Texas might experience summer power shortages as the state heads into the hottest months of the year, a utilities official told local leaders on Tuesday morning.
As Texas’ population continues to climb year after year, the Electric Reliability Council of Texas, or ERCOT, released a forecast projecting record electric use this summer.
As state demand continues to increase, supply is decreasing, as coal plants continue to close around Texas, leaving ERCOT to potentially issue energy alerts or even implement rotating blackouts.
In preparation as Texas heads into July and August, New Braunfels Utilities presented an ERCOT assessment and energy overview to educate New Braunfels leaders and nearby media personnel about ERCOT and how NBU fits into the independent system operator.
What is ERCOT?
“When you think about all the high transmissions lines across the country, they’re actually split into three entities,” said David Hubbard, director of energy markets and customer solutions for NBU.
“One is the eastern interconnect, the other is the western interconnect, and then we have ERCOT … What ERCOT does, is it’s ERCOT’s job to basically balance the electric grid. They don’t own any transmission or generation but they manage generators coming online and sending energy through transmission lines to loads such as us.”
With more than 1,800 active market participants that generate, move, buy, sell or use wholesale electricity in the ERCOT system, it is the only interconnection or “power pool” that doesn’t cross state lines in the nation — making it not susceptible to federal regulations, Hubbard said.
“The Texas Legislature restructured the Texas electric market in 1999 by unbundling the investor-owned utilities and creating retail customer choice in those areas,” states an ERCOT Inc. fact sheet.
ERCOT has four primary responsibilities: system reliability, planning and operations; wholesale market settlement for electricity production and delivery; retail switching process for customer choice; and open access to transmission.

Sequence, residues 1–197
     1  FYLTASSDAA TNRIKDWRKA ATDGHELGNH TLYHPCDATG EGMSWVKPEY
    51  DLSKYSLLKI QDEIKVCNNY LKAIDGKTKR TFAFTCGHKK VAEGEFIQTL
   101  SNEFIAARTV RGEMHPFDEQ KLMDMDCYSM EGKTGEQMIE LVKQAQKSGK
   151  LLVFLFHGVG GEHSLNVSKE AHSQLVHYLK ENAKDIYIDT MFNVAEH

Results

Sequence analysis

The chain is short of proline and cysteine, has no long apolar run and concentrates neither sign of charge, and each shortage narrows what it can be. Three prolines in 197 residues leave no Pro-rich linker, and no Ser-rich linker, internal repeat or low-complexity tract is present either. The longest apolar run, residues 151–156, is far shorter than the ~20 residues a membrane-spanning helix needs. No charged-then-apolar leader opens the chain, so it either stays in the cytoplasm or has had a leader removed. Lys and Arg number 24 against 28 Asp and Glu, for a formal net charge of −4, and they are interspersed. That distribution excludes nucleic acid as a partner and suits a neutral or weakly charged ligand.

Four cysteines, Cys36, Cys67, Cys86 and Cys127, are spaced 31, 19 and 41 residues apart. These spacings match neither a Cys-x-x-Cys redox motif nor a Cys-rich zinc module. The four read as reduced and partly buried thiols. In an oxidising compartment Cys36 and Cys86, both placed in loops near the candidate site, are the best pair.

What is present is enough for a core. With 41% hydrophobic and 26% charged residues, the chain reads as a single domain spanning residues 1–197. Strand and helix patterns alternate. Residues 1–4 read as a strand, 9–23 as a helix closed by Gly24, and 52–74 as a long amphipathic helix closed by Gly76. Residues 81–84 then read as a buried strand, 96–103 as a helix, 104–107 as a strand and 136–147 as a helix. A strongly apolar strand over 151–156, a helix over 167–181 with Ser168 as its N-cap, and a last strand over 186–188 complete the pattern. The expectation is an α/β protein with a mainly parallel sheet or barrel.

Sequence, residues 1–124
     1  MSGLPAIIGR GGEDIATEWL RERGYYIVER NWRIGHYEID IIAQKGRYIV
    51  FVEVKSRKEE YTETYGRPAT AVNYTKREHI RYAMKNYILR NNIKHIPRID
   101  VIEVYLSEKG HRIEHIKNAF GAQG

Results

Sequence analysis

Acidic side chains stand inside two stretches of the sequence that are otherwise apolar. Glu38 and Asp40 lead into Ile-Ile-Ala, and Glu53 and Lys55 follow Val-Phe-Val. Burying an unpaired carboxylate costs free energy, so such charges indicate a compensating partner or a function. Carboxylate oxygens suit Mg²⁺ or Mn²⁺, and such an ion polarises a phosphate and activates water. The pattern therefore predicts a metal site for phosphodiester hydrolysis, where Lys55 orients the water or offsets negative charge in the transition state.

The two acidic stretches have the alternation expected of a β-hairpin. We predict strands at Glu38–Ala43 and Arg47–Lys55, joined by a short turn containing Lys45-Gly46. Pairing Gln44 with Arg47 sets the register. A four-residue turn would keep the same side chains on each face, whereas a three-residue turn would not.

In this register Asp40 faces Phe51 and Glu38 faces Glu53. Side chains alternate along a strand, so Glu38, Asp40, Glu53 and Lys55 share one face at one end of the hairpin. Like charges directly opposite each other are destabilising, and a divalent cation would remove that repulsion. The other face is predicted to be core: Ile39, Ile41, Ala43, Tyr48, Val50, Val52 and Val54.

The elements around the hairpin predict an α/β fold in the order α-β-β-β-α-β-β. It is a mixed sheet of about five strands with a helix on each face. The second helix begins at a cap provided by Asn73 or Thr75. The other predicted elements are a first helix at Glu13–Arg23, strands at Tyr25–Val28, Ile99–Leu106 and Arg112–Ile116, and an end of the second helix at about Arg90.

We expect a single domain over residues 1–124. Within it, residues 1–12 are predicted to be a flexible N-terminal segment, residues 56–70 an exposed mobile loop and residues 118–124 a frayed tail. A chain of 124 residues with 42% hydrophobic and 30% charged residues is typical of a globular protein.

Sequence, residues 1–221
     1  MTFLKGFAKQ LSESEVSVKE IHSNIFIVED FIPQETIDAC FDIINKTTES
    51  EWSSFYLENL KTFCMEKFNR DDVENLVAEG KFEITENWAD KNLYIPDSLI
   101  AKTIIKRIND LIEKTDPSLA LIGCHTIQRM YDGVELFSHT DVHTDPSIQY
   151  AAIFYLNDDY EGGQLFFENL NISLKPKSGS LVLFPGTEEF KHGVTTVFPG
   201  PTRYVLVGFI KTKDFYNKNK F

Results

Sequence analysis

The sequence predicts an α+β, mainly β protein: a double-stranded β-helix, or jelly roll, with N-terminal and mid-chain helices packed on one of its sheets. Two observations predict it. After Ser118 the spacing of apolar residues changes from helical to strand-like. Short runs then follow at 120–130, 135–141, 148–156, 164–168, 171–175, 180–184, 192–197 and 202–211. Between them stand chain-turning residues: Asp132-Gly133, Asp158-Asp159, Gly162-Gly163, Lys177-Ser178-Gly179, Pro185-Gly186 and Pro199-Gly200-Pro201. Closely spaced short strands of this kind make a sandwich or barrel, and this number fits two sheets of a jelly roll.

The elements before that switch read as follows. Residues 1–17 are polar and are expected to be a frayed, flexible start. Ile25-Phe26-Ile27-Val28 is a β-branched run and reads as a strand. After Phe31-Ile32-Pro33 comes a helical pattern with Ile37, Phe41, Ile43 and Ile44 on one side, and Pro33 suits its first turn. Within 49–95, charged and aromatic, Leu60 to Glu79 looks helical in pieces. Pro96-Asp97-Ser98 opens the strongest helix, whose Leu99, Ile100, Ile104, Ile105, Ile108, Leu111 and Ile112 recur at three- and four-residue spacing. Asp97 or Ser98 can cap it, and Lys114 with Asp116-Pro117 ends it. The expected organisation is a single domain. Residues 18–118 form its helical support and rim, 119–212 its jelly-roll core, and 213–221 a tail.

Working with a historically low planning reserve margin of 7.4% as the state’s coal plants continue to close, ERCOT reports identified “a potential need to call an energy alert at various times this summer.”
ERCOT last hit its record peak demand on July 19, 2018 with 73,473 megawatts. One megawatt of electricity can power about 200 Texas homes during periods of peak demand.
Operating on a scale system of private and public communication, ERCOT does not begin to alert the public of dropping reserves until it has less than 2,300 megawatts of energy, although it alerts internal communications anywhere below 3,000 megawatts when not expected to recover in 30 minutes.
“At this point, ERCOT will issue an (internal) advisory just letting people know that the situation is continuing to degrade,” said Ashely Van Booven, CPA and demand response coordinator for NBU. “We reached this level five times in June, and once in July already.”
Beyond internal communications, there are three ERCOT emergency alert levels — with the most extreme being “EEA 3.” At EEA 3, there are less than 1,000 megawatts in reserve and ERCOT begins mandatory rotating blackouts.
“We last entered an EEA level 3 in 2011,” said Van Booven.
NBU Chief Electrical Engineer Gregory Thomas, said the event of Feb. 2, 2011 was due to an unexpected critical winter blast through the Central Texas area.
“While there were some preparations made for that event, the ambient temperatures were so severe that generation movements started to trip offline, they could not operate in those weird temperatures. All the while, those temperatures were causing demand to spike — so loss of generation coupled with a spike in demand just led to a critical deficiency.”
The situation lasted 7½ hours, Thomas said.
“After that event ERCOT did issue some mandatory updates to a lot of those generators,” Hubbard said.